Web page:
Posted on August 19, 2011 · Posted in TBI Voices
This entry is part 17 of 22 in the series DJ

Network of Support for DJ Part Seventeen

Network of support groups are one of the best avenues for long term assistance for those who have survived brain injury. Increasingly, rehab stays are getting shorter and out-patient care is being curtailed.  Network of support groups, largely run under the umbrella of the Brain Injury Association, are often the only place for survivors to learn strategies for better recovery.  The network of support groups play an equally important role for caregivers.  Most states BIA’s will list network of support groups on its web page. To find your states BIA website, go to http://www.biausa.org/state-affiliates.htm Otherwise, search “brain injury network of support group” and your local city.

 

DJ has found help and helped others with Facebook.

 

Network of support groups are at the core of TBI Voices.  I personally bring the  http://whoamIagain.com presentation to support groups several times a month.  At these meetings I get the chance to discuss brain injury with both survivors and caregivers.  It is at these network of support group meetings that we are able to recruit volunteers to participate in our interviews.  In the next couple of months, we will be making support group stops in Tennessee, Florida and New York.  The day of our interview both DJ and I attended a support group in Largo, Florida.  But for DJ and because of DJ, the in person support group now has a meaningful supplement, on Facebook.

Let’s talk about Facebook.  How did you get started on Facebook?

I was doing my daily report on the computer with just Yahoo! Mail.  I never knew about the Caring Bridge, Facebook. I don’t think Twitter was around five or six years ago but, I didn’t know a lot of these things even existed and it was, uh, in 2007 or eight.  It was kind of a tragedy.  A friend’s sister’s 7-year-old daughter came down with Leukemia and she used the Caring Bridge.

And I went home, I went up, met up with a few high school buddies and all that and they’re like why don’t you join Facebook and I was still at Communicare and still in my irritable, and I said I don’t think you guys really want to see me post how I’m feeling right now.  And, it was nice to go up there, see them, be with the family a little bit and then go back but I always said, you know, I’ll give Facebook a try or some of the other ones.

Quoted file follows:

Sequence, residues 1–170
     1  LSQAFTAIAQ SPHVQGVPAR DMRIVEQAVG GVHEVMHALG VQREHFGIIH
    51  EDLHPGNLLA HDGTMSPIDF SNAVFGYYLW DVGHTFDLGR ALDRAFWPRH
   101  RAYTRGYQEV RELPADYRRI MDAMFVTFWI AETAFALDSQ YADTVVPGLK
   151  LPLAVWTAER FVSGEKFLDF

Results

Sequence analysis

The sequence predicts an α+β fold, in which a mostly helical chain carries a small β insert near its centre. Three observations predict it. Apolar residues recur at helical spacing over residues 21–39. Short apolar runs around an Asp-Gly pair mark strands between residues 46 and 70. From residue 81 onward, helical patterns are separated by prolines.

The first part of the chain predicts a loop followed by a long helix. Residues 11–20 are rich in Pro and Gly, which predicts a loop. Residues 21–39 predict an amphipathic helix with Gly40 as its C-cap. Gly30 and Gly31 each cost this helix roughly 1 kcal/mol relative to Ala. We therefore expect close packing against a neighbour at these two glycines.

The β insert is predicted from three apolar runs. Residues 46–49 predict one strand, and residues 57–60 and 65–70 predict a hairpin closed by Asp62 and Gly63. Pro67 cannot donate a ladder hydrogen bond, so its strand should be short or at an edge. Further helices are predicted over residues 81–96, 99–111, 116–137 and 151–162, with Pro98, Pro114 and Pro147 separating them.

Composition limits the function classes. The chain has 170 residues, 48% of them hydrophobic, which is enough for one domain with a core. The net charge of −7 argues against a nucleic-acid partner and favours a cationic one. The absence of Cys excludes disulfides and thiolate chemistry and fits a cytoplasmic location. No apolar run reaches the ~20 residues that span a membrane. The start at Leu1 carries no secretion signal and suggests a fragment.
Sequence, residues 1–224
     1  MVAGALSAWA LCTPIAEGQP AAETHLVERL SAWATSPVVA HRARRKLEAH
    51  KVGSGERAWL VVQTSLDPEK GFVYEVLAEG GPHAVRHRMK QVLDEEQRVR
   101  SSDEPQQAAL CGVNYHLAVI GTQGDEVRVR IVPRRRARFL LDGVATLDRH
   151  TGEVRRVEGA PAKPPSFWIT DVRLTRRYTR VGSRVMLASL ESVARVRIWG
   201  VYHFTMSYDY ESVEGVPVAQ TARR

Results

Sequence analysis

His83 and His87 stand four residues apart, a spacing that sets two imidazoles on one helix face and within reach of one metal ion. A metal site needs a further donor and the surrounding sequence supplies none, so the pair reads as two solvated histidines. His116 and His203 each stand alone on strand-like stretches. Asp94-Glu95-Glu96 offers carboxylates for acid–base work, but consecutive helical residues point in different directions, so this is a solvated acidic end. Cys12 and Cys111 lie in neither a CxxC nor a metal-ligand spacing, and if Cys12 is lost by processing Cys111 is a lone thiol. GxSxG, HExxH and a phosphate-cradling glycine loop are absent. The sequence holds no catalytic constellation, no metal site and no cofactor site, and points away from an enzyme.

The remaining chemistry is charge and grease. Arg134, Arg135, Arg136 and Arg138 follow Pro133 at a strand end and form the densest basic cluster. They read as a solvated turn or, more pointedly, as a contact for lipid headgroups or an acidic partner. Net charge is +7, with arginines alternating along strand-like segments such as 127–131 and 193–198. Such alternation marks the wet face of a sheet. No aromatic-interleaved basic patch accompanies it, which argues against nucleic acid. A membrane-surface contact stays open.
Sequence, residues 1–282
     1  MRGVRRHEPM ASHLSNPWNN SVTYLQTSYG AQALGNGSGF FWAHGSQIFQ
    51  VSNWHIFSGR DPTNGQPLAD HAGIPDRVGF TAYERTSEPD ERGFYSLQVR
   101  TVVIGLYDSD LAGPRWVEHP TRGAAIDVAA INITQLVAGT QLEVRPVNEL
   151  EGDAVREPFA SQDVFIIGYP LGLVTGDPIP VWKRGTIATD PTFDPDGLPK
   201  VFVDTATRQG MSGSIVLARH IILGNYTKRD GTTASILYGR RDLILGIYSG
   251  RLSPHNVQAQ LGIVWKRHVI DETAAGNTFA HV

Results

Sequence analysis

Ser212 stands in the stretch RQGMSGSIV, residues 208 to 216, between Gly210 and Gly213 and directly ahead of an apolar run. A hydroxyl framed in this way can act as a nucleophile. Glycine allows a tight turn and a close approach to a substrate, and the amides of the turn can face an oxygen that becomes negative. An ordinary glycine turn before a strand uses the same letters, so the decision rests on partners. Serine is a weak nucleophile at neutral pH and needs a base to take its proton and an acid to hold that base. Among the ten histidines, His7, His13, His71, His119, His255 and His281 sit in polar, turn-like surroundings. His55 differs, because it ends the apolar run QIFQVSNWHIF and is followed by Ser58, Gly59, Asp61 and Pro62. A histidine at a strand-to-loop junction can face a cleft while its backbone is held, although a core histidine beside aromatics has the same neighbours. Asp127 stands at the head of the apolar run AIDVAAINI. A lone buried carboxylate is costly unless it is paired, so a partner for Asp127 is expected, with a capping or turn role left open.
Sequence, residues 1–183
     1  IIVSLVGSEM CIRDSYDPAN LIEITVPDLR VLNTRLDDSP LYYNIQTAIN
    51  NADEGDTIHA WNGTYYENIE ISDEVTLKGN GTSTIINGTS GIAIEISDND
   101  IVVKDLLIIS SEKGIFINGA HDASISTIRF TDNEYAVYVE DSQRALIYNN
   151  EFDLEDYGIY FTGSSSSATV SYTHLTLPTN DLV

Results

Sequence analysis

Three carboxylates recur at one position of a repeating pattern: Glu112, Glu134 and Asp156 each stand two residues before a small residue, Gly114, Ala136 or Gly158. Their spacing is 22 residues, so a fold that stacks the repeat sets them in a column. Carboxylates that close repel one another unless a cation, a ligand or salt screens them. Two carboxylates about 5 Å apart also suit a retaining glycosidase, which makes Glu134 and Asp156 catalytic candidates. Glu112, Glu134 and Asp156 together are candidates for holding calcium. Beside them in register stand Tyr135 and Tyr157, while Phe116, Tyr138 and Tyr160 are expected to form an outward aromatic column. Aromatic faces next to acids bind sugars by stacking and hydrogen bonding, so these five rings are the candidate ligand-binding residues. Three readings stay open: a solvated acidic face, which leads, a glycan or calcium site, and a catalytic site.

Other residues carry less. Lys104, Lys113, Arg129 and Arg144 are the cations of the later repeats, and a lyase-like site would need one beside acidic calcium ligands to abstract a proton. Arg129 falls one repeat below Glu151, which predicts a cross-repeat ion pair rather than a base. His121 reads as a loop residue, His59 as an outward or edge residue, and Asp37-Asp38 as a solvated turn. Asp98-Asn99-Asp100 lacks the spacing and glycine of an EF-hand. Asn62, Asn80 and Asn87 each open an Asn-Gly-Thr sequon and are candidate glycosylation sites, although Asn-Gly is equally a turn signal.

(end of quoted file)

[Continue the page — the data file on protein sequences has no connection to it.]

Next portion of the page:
I didn’t know what would work, MySpace or whatever, but, um, I don’t remember exactly when I joined.  I know it was after I left Communicare and I’d say it was about two years ago.  I got at least my page going and then I got some high school friends and one of my friends wrote back and went, “OMG, DJ is on social networking.  I never thought we would see the day!”  Because I was out playing darts and I was playing softball or I was getting ready for a race.  I was living life.  I didn’t want to come home and get on a cell phone.  I didn’t want to come home and send emails, uh, uh, uh.  I honestly just did not care about that stuff and I don’t regret it.

But, now, it’s kind of a, a way of passing the day. I go from couch to, you know, I have a computer niche, which is about a quarter of the size of this room.  It’s just a room, a computer with like three shelves so I don’t have a desk any more.  But, you know, I can sit up there for a little while and I have to go sit down.  But it’s nice.  You can do the instant messaging.  You get people are going to want to talk about this for the next couple of days.  That’s nice.  But it was mainly my high school friends said, you know, come on out and then my old restaurant friends, there was a bunch there and now it’s blown into this whole TBI.  I didn’t know there was so much.

We started our web network of support information advocacy in 1996 with http://tbilaw.com In 1997, before there was a Caring Bridge, we published http://waiting.com which included the Bridge from Despair, http://waiting.com/waitingbridge.html That was our first collection of TBI stories, collected with the goal of giving those who had passed through those hospital doors, the opportunity to help themselves and through the connection of the internet.

TBI Voices is one further evolution to our commitment to brain injury information and network support. Now with the advent of Facebook,Youtube and other social networking sites, we hope that its message can continuously be refreshed and its communication more interactive.

Next in Part Eighteen  Team HiLevel for Facebook Brain Injury Support

By Attorney Gordon Johnson

800-992-9447

About the Author

Attorney Gordon S. Johnson, Jr.
Past Chair Traumatic Brain Injury Litigation Group, American Association of Justice
g@gordonjohnson.com :: 800-992-9447